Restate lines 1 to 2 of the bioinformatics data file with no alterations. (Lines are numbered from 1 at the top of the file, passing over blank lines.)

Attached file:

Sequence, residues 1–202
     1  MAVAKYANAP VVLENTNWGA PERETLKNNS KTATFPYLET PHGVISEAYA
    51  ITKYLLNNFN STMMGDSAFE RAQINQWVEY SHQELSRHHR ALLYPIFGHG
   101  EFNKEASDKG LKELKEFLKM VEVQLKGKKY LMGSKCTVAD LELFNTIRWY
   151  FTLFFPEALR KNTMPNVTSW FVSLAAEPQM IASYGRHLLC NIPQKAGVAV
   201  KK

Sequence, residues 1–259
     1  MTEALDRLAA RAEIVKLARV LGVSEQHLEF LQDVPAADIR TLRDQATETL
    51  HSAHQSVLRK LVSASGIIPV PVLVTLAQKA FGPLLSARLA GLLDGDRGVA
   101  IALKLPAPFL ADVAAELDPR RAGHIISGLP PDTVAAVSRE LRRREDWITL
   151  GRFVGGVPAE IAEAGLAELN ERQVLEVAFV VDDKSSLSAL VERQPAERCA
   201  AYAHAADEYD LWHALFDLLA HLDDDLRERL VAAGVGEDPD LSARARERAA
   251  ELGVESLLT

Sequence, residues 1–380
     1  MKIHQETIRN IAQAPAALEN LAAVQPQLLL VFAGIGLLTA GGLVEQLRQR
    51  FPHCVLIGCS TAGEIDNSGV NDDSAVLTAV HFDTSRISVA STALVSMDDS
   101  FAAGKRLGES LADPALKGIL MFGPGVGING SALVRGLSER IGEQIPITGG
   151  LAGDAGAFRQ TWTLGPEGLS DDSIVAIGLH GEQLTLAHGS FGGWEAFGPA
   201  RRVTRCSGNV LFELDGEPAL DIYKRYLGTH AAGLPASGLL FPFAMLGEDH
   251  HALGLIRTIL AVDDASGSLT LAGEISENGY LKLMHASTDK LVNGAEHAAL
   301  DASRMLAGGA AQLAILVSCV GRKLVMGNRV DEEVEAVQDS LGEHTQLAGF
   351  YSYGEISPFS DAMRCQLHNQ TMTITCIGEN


Sequence, residues 1–202
     1  MAVAKYANAP VVLENTNWGA PERETLKNNS KTATFPYLET PHGVISEAYA